>
      > The first volume of The Imperial Austrian Police stories:
      > <http://www.leonaur.co.uk/books/booknumber.php?bookid=669>
      >
      > The first volume of The Mounted Police stories:
      > <http://www.leonaur.co.uk/books/booknumber.php?bookid=573>
      >
      > In GAdetection@yahoogroups.com <mailto:GAdetection%40yahoogroups.com>,
      > "Enrique F Bird" <enfbirdp@...> wrote:
      > >
      > > Friends,
      > >
      > >
    • prettysinister
      First, thanks for enlightening me, TC, about yet another small press reissuing forgotten books. I may be purchasing some of their editions. Second, I would
      Message 2 of 11 , May 4, 2011
        First, thanks for enlightening me, TC, about yet another small press reissuing "forgotten books." I may be purchasing some of their editions.

        Second, I would not classify Curwood as a detective writer. His Steele of the Royal Mounted is more of an adventure tale with criminous aspects. Detection is barely present. But if you want to learn how the RCMP functioned in the early 20th century this has some interesting history. I don't know how accurate it is, but it'll erase all thoughts of Dudley Do-Right from your mind (if you know those cartoons).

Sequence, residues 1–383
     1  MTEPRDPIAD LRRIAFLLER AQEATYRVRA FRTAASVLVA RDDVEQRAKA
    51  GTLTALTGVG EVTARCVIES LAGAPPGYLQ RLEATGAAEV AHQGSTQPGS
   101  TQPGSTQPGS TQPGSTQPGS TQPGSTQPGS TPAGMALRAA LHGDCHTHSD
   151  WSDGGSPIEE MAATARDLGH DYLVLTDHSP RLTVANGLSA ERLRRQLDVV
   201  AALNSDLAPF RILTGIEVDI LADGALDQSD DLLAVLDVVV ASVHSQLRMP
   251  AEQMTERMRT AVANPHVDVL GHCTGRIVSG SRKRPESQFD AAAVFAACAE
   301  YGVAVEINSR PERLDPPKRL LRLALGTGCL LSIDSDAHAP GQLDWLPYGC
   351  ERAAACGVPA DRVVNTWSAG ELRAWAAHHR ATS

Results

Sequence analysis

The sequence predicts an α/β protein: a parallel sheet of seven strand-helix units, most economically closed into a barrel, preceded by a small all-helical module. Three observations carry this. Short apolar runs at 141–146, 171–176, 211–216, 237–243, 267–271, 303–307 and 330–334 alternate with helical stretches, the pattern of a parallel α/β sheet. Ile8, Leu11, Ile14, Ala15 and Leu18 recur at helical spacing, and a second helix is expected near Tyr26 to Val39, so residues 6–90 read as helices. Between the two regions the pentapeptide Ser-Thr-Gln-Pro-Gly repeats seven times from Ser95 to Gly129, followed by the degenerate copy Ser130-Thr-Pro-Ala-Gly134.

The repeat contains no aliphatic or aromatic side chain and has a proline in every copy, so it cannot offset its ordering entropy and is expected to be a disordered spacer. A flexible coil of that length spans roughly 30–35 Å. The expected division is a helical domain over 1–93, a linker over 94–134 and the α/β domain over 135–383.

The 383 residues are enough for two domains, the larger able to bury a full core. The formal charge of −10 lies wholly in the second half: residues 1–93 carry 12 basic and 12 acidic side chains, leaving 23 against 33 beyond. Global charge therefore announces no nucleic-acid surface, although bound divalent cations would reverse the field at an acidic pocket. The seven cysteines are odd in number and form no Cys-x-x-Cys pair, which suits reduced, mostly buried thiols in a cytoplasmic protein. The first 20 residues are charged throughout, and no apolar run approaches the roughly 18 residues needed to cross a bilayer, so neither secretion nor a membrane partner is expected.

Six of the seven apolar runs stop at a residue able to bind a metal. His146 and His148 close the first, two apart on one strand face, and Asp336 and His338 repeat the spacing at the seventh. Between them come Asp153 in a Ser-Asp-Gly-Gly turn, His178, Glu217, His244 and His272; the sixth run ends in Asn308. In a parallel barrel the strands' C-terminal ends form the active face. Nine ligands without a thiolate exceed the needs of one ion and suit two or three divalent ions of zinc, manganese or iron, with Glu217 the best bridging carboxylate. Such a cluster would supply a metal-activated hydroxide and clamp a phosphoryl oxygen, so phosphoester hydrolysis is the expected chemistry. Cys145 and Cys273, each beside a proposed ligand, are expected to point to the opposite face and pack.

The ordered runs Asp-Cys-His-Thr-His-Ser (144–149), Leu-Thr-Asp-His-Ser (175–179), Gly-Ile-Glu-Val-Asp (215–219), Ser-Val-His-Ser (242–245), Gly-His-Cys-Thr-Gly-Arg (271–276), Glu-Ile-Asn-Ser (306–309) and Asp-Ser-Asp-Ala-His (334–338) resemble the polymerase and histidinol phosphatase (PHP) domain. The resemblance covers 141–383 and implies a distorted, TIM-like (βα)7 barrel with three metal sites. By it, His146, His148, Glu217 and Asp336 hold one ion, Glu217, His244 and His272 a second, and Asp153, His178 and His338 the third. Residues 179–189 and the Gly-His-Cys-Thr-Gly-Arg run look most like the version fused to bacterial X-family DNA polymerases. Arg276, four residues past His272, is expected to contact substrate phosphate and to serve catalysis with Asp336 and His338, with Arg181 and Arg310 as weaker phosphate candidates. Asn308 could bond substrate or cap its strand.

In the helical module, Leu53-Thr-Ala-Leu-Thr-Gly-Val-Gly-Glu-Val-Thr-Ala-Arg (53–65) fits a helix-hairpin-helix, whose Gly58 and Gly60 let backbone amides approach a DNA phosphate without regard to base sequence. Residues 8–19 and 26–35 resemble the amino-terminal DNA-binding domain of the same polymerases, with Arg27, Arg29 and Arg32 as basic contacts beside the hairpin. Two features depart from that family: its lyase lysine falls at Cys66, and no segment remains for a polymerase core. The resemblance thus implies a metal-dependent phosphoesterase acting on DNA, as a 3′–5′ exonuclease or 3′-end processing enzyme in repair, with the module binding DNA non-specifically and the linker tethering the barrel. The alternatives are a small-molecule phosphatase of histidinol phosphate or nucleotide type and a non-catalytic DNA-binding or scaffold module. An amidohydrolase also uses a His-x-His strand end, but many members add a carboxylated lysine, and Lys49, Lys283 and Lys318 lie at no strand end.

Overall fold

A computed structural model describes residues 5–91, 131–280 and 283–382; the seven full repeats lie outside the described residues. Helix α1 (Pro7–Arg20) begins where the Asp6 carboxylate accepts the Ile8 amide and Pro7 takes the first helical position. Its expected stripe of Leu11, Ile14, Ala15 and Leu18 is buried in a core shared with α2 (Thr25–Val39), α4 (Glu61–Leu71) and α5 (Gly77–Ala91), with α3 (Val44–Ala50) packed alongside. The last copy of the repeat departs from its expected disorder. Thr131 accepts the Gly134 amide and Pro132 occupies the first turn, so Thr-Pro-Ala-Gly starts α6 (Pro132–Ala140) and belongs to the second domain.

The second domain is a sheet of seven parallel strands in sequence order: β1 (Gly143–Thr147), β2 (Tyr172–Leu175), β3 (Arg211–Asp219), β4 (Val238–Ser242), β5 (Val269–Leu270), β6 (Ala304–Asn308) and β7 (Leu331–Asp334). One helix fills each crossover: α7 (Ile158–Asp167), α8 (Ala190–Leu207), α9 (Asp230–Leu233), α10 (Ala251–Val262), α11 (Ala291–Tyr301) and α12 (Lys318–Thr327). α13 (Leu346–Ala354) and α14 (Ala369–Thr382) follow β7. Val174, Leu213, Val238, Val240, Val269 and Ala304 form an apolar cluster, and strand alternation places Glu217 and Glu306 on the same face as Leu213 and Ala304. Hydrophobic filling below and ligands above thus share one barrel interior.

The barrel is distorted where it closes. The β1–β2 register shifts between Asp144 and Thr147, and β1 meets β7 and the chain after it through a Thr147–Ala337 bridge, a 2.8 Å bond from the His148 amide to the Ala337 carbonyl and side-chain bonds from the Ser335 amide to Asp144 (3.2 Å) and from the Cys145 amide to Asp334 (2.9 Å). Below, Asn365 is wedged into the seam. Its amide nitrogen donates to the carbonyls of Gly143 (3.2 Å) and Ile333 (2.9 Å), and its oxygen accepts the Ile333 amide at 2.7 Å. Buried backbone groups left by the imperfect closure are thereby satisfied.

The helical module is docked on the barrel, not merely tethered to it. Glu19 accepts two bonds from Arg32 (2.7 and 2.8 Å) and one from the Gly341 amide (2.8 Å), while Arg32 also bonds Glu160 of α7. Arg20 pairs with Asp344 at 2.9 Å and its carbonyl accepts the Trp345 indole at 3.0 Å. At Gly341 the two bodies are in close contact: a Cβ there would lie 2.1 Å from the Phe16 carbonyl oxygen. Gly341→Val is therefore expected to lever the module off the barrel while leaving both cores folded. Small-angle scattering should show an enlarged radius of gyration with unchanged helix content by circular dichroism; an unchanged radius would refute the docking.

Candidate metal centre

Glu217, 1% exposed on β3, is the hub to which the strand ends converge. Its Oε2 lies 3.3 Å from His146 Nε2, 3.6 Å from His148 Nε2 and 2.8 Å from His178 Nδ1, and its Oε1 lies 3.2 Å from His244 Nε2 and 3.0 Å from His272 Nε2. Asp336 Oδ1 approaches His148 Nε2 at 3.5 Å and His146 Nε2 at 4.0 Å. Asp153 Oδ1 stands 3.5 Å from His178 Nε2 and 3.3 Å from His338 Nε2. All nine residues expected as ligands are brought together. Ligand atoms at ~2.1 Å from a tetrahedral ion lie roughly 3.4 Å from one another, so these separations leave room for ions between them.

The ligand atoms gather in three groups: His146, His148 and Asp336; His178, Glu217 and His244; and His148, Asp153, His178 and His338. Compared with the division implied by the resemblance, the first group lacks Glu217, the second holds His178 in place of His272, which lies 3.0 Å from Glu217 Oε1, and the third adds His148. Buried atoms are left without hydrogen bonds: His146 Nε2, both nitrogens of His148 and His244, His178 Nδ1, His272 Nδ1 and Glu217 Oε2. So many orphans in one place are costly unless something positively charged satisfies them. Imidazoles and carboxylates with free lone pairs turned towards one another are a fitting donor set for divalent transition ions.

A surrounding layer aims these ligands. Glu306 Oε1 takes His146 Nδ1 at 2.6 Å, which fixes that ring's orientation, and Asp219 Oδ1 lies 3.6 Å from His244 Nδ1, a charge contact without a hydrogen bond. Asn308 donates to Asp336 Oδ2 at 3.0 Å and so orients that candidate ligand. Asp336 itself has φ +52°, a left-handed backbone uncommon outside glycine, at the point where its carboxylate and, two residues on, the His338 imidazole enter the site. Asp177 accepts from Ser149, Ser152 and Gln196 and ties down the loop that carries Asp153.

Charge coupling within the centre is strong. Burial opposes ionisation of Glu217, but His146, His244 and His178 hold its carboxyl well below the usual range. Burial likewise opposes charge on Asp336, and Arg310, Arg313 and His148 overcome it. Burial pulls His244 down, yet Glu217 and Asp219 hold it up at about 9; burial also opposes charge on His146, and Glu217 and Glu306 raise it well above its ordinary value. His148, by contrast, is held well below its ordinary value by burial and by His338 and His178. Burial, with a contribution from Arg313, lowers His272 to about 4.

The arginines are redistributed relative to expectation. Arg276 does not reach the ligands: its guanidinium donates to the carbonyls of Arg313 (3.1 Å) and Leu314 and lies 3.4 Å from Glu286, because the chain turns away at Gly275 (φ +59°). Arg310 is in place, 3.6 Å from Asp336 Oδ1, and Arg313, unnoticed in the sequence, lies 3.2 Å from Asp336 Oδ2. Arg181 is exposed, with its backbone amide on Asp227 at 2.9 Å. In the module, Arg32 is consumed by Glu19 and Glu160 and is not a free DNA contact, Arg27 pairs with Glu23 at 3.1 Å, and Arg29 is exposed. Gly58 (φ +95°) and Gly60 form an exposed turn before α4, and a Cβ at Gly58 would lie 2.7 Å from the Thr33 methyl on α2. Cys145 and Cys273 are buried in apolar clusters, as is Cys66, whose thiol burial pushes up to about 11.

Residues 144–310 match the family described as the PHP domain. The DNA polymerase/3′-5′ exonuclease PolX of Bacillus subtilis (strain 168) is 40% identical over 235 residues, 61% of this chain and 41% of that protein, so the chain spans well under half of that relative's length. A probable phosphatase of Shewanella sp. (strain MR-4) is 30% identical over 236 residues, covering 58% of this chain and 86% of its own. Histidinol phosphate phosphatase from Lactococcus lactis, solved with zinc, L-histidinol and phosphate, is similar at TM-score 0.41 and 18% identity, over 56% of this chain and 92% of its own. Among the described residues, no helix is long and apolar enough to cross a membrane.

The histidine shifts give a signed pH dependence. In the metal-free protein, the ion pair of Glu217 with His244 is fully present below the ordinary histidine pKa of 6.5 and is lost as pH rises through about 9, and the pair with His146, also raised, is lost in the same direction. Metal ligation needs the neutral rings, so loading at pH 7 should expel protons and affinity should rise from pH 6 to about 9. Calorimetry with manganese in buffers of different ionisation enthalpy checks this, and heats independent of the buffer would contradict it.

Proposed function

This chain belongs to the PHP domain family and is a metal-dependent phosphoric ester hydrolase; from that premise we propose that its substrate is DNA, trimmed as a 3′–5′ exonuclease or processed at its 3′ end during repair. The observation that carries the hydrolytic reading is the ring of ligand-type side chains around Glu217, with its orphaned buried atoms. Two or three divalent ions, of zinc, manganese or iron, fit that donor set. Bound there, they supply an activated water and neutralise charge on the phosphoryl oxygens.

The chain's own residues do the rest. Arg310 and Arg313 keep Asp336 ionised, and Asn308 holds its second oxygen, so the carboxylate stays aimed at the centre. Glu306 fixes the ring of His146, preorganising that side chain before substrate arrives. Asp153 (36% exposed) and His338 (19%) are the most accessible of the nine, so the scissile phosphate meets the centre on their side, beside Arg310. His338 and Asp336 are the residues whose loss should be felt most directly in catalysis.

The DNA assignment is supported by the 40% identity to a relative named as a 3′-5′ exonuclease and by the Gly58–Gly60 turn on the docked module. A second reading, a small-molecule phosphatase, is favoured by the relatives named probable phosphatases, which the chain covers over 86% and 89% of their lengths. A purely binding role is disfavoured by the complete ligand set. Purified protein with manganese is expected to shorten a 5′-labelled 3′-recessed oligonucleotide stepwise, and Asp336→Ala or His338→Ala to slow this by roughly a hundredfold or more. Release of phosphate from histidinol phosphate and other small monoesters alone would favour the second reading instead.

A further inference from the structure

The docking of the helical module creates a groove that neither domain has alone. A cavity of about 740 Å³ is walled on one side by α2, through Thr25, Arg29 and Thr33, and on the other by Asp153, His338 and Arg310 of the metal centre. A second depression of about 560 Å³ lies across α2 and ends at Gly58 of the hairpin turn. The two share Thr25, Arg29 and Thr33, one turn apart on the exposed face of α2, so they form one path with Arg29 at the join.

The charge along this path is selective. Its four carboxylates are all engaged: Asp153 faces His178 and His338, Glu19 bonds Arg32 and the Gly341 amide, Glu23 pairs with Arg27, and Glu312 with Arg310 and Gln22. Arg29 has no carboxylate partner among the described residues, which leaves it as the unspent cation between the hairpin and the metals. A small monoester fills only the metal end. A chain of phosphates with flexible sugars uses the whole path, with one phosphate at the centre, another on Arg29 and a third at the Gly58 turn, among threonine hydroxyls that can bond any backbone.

John

        (And I think you meant Arthur Reeve so I corrected the name in the subject line.)


        --- In GAdetection@yahoogroups.com, "Last Century Detective" <lastcenturydetective@...> wrote:
        >
        > Leonaur has reprinted the complete cases of Craig Kennedy in six handsome volumes, both softcover and hardback, and many other unusual detective stories – and wanted the groups advise on some of them.
        >
        > They published two volumes of stories of Augusta Groner's "Detective Müller: Imperial Austrian Police" and four volumes of "The Mounted Police Novels" by James Oliver Curwood, and I wanted to know if they're any good.